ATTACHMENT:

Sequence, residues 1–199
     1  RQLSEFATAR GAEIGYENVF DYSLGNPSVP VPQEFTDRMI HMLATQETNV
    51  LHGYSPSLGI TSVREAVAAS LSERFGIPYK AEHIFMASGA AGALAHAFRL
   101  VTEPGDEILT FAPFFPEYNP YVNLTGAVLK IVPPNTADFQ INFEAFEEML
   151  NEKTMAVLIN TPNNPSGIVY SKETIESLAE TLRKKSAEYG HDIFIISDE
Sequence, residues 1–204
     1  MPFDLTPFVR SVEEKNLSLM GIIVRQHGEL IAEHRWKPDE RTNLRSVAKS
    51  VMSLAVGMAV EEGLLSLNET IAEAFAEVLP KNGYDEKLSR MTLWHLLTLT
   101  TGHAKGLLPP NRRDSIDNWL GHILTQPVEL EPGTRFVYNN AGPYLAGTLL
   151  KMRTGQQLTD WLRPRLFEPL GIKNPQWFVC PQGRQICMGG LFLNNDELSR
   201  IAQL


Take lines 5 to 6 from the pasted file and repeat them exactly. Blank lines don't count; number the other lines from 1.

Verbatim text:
   151  NEKTMAVLIN TPNNPSGIVY SKETIESLAE TLRKKSAEYG HDIFIISDE
Sequence, residues 1–204